Lived Religion in America Toward a History of Practice

ISBN-10: 0691016739
ISBN-13: 9780691016733
Edition: 1998
Authors: David D. Hall
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Description: At once historically and theoretically informed, these essays invite the reader to think of religion dynamically, reconsidering American religious history in terms of practices that are linked to specific social contexts. The point of departure is  More...

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Book details

List price: $45.00
Copyright year: 1998
Publisher: Princeton University Press
Publication date: 11/16/1997
Binding: Paperback
Pages: 280
Size: 6.25" wide x 9.25" long x 0.75" tall
Weight: 1.034

At once historically and theoretically informed, these essays invite the reader to think of religion dynamically, reconsidering American religious history in terms of practices that are linked to specific social contexts. The point of departure is the concept of "lived religion." Discussing such topics as gift exchange, cremation, hymn-singing, and women's spirituality, a group of leading sociologists and historians of religion explore the many facets of how people carry out their religious beliefs on a daily basis. As David Hall notes in his introduction, a history of practices "encompasses the tensions, the ongoing struggle of definition, that are constituted within every religious tradition and that are always present in how people choose to act. Practice thus suggests that any synthesis is provisional." The volume opens with two essays by Robert Orsi and Daniegrave;le Hervieu-Leacute;ger that offer an overview of the rapidly growing study of lived religion, with Hervieu-Leacute;ger using the Catholic charismatic renewal movement in France as a window through which to explore the coexistence of regulation and spontaneity within religious practice. Anne S. Brown and David D. Hall examine family strategies and church membership in early New England. Leigh Eric Schmidt looks at the complex meanings of gift-giving in America. Stephen Prothero writes about the cremation movement in the late nineteenth century. In an essay on the narrative structure of Mrs. Cowman'sStreams in the Desert, Cheryl Forbes considers the devotional lives of everyday women. Michael McNally uses the practice of hymn-singing among the Ojibwa to reexamine the categories of native and Christian religion. In essays centering on domestic life, Rebecca Kneale Gould investigates modern homesteading as lived religion while R. Marie Griffith treats home-oriented spirituality in the Women's Aglow Fellowship. In "Golden- Rule Christianity," Nancy Ammerman talks about lived religion in the American mainstream.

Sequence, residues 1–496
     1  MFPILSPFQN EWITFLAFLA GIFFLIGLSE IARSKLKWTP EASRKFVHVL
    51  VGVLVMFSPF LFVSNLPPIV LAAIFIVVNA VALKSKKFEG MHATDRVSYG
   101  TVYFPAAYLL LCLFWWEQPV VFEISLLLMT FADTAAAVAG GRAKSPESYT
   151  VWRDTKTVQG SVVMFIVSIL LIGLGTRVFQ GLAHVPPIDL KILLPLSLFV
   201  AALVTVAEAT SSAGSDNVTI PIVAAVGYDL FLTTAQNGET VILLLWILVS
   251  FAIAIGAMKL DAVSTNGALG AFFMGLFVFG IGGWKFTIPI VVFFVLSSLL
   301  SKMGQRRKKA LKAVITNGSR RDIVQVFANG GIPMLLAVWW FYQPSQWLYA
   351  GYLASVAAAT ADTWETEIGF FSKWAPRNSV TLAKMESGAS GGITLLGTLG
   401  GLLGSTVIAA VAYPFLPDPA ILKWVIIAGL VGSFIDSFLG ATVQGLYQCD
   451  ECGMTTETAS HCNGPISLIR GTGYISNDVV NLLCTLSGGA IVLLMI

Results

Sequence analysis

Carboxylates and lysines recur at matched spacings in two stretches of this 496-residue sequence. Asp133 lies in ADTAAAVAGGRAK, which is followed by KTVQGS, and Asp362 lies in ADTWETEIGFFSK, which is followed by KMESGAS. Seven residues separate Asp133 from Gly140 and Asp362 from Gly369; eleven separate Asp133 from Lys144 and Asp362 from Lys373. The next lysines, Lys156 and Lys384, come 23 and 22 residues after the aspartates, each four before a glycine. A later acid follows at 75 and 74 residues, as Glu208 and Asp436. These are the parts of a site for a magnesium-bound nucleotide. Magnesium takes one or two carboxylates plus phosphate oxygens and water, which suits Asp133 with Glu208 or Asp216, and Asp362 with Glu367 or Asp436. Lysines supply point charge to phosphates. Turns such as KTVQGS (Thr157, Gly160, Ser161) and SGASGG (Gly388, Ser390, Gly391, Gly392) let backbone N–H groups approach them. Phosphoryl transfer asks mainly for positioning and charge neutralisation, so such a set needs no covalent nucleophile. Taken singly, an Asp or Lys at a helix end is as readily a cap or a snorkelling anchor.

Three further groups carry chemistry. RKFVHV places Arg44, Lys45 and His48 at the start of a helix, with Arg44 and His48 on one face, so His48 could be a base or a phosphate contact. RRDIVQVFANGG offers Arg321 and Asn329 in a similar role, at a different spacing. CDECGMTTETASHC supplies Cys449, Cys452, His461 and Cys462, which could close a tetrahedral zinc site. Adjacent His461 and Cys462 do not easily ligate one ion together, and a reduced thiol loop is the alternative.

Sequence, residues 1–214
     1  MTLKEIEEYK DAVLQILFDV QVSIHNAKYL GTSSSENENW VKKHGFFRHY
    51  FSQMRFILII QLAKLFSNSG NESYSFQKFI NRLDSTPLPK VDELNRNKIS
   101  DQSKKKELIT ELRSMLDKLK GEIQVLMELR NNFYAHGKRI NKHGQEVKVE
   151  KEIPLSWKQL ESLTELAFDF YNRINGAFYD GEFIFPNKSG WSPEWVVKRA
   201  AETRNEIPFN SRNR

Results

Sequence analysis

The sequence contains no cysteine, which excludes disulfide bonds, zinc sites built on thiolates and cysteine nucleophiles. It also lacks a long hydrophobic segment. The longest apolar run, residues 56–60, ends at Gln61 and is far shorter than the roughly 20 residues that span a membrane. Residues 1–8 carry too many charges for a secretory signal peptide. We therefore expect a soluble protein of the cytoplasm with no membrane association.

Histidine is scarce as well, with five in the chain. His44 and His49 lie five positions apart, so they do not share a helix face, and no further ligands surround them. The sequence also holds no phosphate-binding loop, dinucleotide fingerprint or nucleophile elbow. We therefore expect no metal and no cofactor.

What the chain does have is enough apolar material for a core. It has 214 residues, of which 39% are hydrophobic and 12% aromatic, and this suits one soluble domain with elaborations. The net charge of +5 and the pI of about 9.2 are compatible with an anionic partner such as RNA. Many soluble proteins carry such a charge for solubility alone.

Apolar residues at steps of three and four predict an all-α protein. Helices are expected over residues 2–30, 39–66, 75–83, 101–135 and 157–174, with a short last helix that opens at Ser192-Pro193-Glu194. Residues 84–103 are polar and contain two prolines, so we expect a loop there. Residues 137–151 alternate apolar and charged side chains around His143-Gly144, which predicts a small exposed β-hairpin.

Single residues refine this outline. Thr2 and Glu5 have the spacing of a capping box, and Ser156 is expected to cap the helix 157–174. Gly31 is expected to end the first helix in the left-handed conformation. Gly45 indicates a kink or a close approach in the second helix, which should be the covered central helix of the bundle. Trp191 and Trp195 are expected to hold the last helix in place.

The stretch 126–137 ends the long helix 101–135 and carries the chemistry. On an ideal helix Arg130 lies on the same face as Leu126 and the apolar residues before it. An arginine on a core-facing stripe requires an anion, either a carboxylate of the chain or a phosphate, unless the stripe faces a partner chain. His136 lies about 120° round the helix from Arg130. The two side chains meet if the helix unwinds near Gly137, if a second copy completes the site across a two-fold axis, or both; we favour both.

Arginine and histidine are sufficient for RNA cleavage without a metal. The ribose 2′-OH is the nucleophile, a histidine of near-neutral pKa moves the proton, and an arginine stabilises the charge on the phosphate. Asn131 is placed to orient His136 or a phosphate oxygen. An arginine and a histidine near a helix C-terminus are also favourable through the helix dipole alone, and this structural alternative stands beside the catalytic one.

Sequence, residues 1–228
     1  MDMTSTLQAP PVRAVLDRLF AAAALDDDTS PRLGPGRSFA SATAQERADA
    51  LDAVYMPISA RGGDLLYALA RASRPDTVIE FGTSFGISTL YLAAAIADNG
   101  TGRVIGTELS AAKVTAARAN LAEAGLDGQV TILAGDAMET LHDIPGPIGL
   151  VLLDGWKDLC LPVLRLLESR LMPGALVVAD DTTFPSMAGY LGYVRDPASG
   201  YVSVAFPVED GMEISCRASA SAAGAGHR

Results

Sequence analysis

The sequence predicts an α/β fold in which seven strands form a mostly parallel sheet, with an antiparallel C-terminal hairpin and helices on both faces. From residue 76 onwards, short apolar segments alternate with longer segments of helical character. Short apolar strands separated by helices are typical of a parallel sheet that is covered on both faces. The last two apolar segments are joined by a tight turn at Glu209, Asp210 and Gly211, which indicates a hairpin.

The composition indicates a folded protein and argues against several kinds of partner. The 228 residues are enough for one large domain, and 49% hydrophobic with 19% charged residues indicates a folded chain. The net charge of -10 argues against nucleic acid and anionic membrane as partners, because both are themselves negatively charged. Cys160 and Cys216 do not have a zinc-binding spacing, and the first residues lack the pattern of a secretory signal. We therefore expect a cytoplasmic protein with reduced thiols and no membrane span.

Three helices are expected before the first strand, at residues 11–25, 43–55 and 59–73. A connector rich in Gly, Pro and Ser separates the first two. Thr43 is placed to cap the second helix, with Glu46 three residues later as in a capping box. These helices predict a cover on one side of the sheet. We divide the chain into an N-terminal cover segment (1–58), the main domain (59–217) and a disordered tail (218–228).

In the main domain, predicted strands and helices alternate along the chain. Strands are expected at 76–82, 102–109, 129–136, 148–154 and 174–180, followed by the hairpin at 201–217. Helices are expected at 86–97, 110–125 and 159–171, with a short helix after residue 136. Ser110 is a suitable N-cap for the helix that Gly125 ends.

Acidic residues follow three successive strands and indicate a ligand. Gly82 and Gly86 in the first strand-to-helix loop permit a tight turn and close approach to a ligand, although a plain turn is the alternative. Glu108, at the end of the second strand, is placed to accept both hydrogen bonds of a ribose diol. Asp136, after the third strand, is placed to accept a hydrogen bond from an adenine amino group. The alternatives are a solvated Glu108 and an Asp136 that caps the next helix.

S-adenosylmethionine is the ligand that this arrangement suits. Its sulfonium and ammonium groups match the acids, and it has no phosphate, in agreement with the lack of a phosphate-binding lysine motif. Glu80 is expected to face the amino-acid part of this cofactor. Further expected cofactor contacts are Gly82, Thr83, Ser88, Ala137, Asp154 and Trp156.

David D. Hall is professor of American religious history at Harvard Divinity School.

Introduction
Everyday Miracles: The Study of Lived Religion
"What Scripture Tells Me": Spontaneity and Regulation within the Catholic Charismatic Renewal
Family Strategies and Religious Practice: Baptism and the Lord's Supper in Early New England
Practices of Exchange: From Market Culture to Gift Economy in the Interpretation of American Religion
Lived Religion and the Dead: The Cremation Movement in Gilded Age America
Coffee, Mrs. Cowman, and the Devotional Life of Women Reading in the Desert
The Uses of Ojibwa Hymn-Singing at White Earth: Toward a History of Practice
Submissive Wives, Wounded Daughters, and Female Soldiers: Prayer and Christian Womanhood in Women's Aglow Fellowship
Golden Rule Christianity: Lived Religion in the American Mainstream
Getting (Not Too) Close to Nature: Modern Homesteading as Lived Religion in America
Contributors
Index

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